Here are some warning signs we look for that could indicate an athlete is pushing the limits on their comeback:

1. Pain and soreness in the front part of the knee (in the patella tendon area)

2. Swelling of the knee

3. A general feeling of fatigue

If a patient experiences one or more of these symptoms, they need to back off from their training, and concentrate on icing, riding the exercise bike, and resting. They can always resume training when they’re feeling better. If you’ve had ACL surgery and your “comeback” to the activities you enjoy isn’t going as expected, call us at Emory Sports Medicine. We can provide a safe, solid game plan for your return to action.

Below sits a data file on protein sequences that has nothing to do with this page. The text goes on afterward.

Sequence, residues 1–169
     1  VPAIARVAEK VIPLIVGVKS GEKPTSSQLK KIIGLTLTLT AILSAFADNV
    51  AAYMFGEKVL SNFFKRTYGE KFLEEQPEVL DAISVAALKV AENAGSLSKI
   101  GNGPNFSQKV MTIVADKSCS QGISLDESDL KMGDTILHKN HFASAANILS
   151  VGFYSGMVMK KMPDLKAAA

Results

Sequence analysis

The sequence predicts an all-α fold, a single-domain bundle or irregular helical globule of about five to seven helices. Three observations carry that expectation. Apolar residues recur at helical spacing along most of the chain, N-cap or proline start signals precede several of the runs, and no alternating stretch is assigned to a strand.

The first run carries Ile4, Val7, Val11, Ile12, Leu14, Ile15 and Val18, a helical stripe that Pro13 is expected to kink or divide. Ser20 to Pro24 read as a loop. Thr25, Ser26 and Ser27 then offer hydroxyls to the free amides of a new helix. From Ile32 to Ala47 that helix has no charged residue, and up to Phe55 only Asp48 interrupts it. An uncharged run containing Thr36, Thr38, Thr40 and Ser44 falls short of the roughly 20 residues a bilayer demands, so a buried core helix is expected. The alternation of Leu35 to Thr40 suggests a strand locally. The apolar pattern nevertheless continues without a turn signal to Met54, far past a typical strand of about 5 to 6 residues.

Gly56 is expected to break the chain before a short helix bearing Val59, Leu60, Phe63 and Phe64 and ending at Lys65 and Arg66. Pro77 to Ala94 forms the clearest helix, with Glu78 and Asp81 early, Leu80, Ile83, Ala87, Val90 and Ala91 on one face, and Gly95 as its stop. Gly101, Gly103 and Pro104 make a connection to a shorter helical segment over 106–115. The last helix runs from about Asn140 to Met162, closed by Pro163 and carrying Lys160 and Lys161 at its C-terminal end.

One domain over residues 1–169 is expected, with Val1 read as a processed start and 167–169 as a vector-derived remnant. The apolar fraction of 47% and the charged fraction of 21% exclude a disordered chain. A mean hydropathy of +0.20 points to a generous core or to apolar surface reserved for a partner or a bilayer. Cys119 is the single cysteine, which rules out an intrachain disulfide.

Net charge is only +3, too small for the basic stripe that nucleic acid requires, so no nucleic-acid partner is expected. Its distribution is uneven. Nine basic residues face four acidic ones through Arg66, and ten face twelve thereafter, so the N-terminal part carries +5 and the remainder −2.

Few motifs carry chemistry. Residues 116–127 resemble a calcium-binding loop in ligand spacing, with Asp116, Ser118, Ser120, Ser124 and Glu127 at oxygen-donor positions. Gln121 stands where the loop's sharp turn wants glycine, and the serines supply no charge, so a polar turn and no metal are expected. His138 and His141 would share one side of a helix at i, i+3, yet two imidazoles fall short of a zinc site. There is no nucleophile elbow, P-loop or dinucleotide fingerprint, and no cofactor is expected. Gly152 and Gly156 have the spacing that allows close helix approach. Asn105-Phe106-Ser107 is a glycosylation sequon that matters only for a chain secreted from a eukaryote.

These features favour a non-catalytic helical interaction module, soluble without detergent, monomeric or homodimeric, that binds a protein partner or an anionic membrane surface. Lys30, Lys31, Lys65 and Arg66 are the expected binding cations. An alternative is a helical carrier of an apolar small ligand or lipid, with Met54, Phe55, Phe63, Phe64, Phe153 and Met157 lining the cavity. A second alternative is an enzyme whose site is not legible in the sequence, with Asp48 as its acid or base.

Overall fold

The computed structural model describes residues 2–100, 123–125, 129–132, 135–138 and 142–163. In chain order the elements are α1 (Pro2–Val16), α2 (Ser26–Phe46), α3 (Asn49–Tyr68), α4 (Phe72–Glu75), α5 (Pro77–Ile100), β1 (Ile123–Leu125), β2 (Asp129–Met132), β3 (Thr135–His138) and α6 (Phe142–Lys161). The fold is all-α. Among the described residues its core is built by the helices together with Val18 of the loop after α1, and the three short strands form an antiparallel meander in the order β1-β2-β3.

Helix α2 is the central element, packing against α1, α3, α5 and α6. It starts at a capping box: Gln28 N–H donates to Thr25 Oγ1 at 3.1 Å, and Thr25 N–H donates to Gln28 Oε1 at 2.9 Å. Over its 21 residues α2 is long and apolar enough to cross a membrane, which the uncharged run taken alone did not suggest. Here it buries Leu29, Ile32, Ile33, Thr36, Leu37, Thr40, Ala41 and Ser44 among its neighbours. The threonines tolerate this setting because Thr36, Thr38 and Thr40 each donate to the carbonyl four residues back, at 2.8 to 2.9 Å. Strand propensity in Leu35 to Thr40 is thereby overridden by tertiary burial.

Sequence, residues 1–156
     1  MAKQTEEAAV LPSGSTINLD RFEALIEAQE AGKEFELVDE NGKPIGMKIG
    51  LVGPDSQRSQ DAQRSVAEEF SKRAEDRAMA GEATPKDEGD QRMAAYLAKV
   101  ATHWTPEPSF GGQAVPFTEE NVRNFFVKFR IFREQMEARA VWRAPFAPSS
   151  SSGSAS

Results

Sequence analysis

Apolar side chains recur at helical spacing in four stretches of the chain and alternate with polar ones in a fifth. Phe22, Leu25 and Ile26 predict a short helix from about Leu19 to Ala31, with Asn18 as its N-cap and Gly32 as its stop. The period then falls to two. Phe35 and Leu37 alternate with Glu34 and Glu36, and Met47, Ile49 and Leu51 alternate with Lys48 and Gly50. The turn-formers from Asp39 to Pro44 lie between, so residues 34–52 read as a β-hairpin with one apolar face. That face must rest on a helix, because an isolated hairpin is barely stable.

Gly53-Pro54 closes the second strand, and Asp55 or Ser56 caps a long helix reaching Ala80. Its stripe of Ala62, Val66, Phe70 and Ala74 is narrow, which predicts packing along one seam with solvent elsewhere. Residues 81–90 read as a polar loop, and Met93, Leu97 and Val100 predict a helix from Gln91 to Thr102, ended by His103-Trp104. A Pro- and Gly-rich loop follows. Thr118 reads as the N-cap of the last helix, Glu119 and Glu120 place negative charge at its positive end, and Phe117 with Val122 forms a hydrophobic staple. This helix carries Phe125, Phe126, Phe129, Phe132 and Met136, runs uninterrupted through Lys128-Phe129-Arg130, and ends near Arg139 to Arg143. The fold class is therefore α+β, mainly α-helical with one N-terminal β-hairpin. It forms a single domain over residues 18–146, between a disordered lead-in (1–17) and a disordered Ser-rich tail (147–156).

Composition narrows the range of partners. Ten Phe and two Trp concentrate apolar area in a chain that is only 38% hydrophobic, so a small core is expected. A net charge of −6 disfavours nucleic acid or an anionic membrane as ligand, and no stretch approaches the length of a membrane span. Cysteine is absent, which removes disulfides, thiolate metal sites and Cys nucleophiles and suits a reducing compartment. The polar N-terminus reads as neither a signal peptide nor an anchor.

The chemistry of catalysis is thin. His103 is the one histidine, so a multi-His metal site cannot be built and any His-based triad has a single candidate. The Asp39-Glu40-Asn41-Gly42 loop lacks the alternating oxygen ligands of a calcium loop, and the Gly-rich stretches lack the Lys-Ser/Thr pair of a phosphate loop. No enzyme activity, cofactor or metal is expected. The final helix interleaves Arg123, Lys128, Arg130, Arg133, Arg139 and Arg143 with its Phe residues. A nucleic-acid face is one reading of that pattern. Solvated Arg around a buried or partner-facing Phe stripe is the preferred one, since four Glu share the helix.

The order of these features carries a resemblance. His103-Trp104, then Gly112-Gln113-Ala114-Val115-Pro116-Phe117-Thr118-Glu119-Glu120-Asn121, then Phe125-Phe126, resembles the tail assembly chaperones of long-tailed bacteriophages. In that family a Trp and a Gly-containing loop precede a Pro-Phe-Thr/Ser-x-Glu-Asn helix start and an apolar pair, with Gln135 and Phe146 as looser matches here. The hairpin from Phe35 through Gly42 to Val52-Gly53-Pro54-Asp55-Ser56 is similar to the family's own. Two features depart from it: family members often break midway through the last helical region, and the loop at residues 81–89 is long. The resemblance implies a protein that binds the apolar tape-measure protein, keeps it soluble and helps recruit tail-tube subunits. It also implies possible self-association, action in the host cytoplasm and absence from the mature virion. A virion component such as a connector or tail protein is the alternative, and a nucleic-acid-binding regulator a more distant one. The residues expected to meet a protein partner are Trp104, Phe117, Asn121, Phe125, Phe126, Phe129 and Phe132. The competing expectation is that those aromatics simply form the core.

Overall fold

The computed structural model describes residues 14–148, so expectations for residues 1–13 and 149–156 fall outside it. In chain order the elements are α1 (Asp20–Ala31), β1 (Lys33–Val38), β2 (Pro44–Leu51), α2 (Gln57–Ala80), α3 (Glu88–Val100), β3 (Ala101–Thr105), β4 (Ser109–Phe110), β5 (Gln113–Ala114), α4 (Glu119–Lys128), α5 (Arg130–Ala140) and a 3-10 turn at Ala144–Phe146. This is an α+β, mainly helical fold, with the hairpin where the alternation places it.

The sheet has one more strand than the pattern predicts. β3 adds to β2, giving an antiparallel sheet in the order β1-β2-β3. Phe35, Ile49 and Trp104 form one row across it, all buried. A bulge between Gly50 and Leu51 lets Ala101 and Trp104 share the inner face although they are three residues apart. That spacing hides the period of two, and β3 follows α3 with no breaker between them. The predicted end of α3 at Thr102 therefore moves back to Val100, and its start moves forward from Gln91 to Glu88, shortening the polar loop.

Meanwhile, if Welker succeeds and contributes another valuable season to Tom Brady and the Patriots, his determination should be praised; however, that doesn’t mean his quick comeback should be emulated.

About John Xerogeanes, MD:

Dr. Xerogeanes, or Dr. “X”, is chief of Sports Medicine at the Emory Orthopaedic & Spine Center. He is also head orthopaedist and team physician for Georgia Tech, Emory University, and Agnes Scott College. As a member of a number of professional societies and organizations, including the American Orthopaedic Society for Sports Medicine, and the American Academy of Orthopaedic Surgeons, Dr. Xerogeanes has contributed to many textbooks and has received numerous research awards. Dr. Xerogeanes’ work has been featured on CNN, ESPN and network television news.